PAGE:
I brought in the headmaster and one of the head office workers to translate. I then learned that the students didn’t answer me because they couldn’t remember what they had just seen. The headmaster politely argued that the students have only studied grammar and could not speak. I told her that I had asked them to speak in Vietnemese and that I let them watch this section of the video three times. She tried to spin the situation in a way for me to be understanding of the students. Knowing the futility of being critical of the students in this situation, I assured her that I was calling upon her for help.

She suggested that I have them write down their thoughts first. That might have been a good idea but I knew that they write the ideas in English. We came up with the idea of having them first write in Vietnamese and then work together to translate the text.

I framed the activity in a way so that I was asking them to help me understand what the TED talk discussed. I told them that I do not want them to think of me as an English teacher anymore. They should just think of me as a teacher. The ideas in the TED talk are that important that learning them in English or in Vietnamese was the same as long as they learned them. I believe that if they understand the meaning of the ideas, they would have some knowledge worth having. And as a teacher, sharing knowledge, whether practical or inspiring is an important outcome. I said that but with a footnote. Competence in English means that you can access a world of knowledge because English is the international language for sharing ideas. I want them to be part of that. 

I later showed them a few minutes of video from TED ED, a subsidiary of TED which has 5 minute stop motion videos done artisitcally on dry erase boards. This topics was about how computer games can actually make you smarter. It is extremely visually interesting and the fast paced, idea dense speech is stimulating for a native speaker, like me, but overwhelming for low-level learners, like my students. This series does not have Vietnamese subtitles. I showed it to them briefly and saw how they lit up at the animation. Their interest in the video only matched by their inability to understand what was being said.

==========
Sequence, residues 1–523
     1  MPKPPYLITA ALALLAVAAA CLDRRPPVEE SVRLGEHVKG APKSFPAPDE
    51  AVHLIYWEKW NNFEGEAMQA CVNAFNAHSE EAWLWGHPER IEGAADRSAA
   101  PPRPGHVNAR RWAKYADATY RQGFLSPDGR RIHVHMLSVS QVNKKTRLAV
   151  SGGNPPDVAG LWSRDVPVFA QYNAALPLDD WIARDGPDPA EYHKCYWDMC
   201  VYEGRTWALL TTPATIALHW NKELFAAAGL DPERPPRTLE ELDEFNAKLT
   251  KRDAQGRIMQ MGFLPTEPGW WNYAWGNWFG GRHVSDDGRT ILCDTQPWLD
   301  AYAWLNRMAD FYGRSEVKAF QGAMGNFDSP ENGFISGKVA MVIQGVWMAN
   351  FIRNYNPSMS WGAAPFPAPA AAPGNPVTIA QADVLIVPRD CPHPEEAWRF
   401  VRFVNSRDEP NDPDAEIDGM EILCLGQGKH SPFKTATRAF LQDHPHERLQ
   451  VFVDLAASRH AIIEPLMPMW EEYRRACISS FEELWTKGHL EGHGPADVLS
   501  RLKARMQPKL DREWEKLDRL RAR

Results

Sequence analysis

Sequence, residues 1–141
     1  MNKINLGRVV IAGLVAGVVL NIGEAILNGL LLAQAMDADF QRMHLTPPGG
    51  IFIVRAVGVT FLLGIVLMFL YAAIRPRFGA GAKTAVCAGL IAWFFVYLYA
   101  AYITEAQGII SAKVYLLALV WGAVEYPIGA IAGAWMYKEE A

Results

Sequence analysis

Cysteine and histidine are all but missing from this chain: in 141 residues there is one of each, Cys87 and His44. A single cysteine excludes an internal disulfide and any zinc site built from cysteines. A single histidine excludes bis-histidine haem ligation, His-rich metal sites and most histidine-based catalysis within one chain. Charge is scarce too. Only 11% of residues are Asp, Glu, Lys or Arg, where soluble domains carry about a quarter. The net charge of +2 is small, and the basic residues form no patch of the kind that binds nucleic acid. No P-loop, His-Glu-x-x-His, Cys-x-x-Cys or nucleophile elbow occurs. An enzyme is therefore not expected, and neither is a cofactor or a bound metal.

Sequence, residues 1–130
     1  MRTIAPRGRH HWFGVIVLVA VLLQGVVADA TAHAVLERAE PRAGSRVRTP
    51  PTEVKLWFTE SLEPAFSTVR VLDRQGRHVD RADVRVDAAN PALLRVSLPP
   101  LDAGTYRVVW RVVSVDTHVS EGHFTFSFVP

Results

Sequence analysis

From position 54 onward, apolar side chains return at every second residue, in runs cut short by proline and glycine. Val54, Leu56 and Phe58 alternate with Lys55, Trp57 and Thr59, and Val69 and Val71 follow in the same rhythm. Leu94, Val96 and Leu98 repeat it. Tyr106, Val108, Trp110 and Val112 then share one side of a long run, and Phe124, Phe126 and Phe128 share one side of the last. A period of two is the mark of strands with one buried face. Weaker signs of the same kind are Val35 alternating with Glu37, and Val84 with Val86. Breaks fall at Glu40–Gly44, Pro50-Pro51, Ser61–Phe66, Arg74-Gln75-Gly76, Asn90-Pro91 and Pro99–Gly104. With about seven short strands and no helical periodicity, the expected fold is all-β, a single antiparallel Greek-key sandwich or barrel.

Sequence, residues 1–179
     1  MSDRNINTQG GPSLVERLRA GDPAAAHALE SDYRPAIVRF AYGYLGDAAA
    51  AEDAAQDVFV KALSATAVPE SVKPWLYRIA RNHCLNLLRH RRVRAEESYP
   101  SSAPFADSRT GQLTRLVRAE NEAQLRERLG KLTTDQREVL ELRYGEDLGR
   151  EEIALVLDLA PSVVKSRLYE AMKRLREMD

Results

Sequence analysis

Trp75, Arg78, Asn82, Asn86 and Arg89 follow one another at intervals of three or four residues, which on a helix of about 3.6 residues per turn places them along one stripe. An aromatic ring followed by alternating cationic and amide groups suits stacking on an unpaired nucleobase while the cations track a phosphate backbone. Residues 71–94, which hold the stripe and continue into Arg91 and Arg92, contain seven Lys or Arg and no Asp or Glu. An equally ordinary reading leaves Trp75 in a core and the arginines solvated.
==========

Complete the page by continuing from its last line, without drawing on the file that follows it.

I set the timer for three minutes and let them write. I could not judge the content, as I cannot read Vietnamese, but I could judge their word count. Obviously those with more to say filled up more space and therefore must have had remembered more. Others couldn’t think of anything to say. I chose one paper, had a classmate read it in Vietnamese, and then posed the question to the class: Who can tell me what this is about? Talking in a foreign language about what you think is much harder than summarizing and interpreting written text from your native language. The responses were better. 

I showed the students another section of the video—another bite-sized section. I had them write for another three minutes and continued the pattern. The overall response was a little better. A large portion of my frustration washes away as I see them make these little improvements.

 

As people, we all walk around and seem normal. But in the classoom I see students who have crippled ability and in need of physical therapy for their minds.  I need to teach them that improved memory is a goal for learning. I have to show them how to improve their memory as they learn. Simply speaking and functioning in English is not the goal. They have to build communication skills like addressing their peers in class by using their names and asking them quesions—both genders. They need to follow along and if they cannot comprehend something because they cannot hear or cannot see, they need to position themselves to see and hear. They also need to manage their life so that they can arrive to class at the appointed time. These would all be great outcomes from class that means they are ready for life. No amount of English fluency can compensate for those deficiencies.